LONDON – It pays to be a monarch.
The British Monarchy holds a huge amount of historic property in the UK, which is managed by the Crown Estate.
The Crown Estate announced in June last year that it returned a record £328.8 million ($US464 million) to the Treasury in 2016 as the value of the overall estate rose to an astonishing £13.1 billion ($US18.5 billion).
Under current arrangements, the Queen receives 25% of the Crown Estate’s revenues in the form of a Sovereign Grant, which is used to fund her official work and the upkeep of her residences.
Alongside property historically owned by the monarchy, the Queen also personally owns property assets – rather those attached to the office of the monarch – and her holdings include some of the grandest properties in Britain.
Business Insider took a look at the most spectacular royal assets. The list includes some of the country’s best-known buildings: Iconic race courses, grand hotels, historic castles, and an offshore energy portfolio worth over £1 billion ($US1.4 billion).
The Savoy, London: The Queen privately owns an 18,433-hectare estate called the Duchy of Lancaster. It is administered separately from the Crown Estate. Part of that is the Savoy Estate, a stretch of prime real estate in central London which houses the iconic Savoy Hotel, long seen as the height of sophistication.
Historic Castles: The Duchy of Lancaster also holds around a dozen historic properties, including Lancaster Castle in Lancashire (pictured), and Pickering Castle in Yorkshire. The Duchy delivers an annual income of around £18 million ($US25.5 million), which is paid directly to the ruling monarch.
Sandringham House, Norfolk: The 8,000-hectare estate in Norfolk, England, is privately owned by the Queen. It was originally purchased by Queen Victoria in 1862. Prince Philip and the Queen choose to spend much of their time at the private country residence.
Balmoral Castle, Aberdeenshire: This 20,000-hectare Scottish estate has been the private property of the British monarch since 1852 and the Queen spends each summer there. Princess Eugenie, the Queen’s granddaughter, said of Balmoral: “It’s the most beautiful place on earth. I think Granny is the most happy there. I think she really, really loves the Highlands.”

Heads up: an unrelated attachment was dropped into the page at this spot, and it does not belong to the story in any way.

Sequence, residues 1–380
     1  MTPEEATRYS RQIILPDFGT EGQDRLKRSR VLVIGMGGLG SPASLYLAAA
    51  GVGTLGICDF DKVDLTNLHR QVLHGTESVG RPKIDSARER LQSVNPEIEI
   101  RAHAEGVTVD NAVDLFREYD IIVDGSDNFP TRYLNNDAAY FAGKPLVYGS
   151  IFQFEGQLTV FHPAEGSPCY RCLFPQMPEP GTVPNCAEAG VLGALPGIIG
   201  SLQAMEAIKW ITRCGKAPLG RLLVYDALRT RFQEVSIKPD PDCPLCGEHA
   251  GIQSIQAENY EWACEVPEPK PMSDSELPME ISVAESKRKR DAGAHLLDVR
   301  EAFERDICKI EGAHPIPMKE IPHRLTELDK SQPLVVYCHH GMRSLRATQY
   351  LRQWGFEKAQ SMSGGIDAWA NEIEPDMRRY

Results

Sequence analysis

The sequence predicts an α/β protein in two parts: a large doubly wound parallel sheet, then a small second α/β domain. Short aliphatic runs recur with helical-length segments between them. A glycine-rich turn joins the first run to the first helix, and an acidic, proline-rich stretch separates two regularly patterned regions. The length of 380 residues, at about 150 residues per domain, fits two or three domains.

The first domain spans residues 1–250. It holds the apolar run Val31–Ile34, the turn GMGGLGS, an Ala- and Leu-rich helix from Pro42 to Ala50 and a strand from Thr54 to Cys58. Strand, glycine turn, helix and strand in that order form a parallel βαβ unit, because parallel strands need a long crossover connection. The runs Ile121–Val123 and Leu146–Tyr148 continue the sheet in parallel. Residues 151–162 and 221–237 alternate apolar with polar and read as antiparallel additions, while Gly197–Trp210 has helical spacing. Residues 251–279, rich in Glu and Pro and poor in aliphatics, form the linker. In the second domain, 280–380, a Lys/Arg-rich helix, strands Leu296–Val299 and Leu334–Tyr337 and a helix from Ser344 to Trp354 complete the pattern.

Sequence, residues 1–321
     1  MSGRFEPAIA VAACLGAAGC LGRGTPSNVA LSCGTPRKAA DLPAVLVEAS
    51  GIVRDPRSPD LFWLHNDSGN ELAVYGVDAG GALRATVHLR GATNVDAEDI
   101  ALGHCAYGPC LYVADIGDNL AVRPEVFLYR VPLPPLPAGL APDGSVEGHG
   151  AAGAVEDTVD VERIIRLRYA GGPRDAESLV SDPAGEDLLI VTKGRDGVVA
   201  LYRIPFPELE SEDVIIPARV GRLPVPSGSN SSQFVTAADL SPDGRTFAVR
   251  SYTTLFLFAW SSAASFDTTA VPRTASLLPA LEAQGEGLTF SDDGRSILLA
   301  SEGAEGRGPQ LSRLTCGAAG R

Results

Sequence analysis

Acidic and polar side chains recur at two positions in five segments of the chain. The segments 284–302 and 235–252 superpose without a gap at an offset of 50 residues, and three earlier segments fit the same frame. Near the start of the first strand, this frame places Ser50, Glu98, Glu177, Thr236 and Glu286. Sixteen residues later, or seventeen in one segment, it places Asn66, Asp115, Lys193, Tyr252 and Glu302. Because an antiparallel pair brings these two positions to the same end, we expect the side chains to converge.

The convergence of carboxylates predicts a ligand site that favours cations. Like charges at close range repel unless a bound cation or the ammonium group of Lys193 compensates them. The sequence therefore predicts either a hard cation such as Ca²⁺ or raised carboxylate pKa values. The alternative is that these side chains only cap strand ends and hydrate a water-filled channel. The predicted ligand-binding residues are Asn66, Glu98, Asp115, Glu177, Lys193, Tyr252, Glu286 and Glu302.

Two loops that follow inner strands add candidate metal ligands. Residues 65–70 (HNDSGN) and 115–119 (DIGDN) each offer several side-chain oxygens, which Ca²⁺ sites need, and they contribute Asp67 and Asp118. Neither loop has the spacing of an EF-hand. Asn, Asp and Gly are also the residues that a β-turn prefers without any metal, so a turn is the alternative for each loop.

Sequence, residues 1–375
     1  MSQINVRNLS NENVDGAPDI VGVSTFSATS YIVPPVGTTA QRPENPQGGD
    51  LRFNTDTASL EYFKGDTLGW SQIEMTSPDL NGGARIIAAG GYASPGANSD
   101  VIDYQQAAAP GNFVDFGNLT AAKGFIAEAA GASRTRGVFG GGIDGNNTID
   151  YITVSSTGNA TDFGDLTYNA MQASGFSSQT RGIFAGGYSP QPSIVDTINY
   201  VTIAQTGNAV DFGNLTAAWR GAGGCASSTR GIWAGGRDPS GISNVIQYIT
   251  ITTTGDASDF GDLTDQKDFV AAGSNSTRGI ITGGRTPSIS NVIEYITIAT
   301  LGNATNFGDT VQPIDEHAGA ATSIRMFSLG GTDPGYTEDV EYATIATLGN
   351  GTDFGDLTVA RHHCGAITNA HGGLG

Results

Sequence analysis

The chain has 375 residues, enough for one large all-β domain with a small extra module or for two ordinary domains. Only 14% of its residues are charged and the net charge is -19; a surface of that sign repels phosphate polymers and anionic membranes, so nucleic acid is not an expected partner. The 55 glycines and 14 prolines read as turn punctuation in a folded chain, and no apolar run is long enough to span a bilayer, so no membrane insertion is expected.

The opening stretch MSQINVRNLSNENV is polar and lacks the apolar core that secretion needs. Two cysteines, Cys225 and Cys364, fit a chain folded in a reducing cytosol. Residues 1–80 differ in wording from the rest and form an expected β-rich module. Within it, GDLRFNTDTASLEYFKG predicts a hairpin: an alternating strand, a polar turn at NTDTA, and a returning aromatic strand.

Ascot Racecourse, Berkshire: Queen Elizabeth II is an avid lover of horse racing, and reportedly reads the Racing Post with breakfast every day. Ascot Racecourse in the south of England is part of the Crown Estate and hosts the world-famous Gold Cup each June. The race is one of the monarch’s favourite annual events.
Regent Street & St James’s Market, London: The Crown Estate owns the entirety of Regent Street in London, one of the UK’s best-known shopping streets. It also owns prime retail property across the UK in locations including Oxford, Exeter, Nottingham, Newcastle, Harlow, and Swansea.
Lots and lots of farms: The Crown Estate owns around 106,000 hectares (263,000 acres) of farmland across the UK. Its farming operations include small hill farms in Wales and huge commercial operations in the east of England.
Fishing rights in Scotland: The Crown owns the rights to salmon fishing and gold mining in Scotland. It has licensed some of these away over the years. Additionally, under UK law, whales and sturgeons — which produce caviar — are “royal fish,” meaning they cannot legally be caught by fisherman.
Windsor Castle & Great Park, Berkshire: The 6,400-hectare Windsor estate in Berkshire is part of the Crown Estate’s portfolio. The Castle is the Queen’s preferred weekend destination and is also used to host state visits. Windsor Great Park is the only Royal Park managed by the Crown Estate.
Forests: The Crown Estate holds around 11,000 hectares of forestry in areas including Berkshire, Somerset, and Cairngorms in Scotland. Many of the forests used to be royal hunting forests. Pictured is Swinley Forest, part of the Windsor Estate in Berkshire.
Wind farms: The Crown Estate owns a £1.1 billion ($US1.5 billion) offshore energy empire which includes 30 wind farms. Prince Philip once described wind farms as “absolutely useless” and Prince Charles described them as a “horrendous blot on the landscape.”
The Crown Estate holds many more assets than those listed above. Here is a snapshot of the sheer scale and volume of its assets, ranging from retail parks to forests to Scottish oyster farms.
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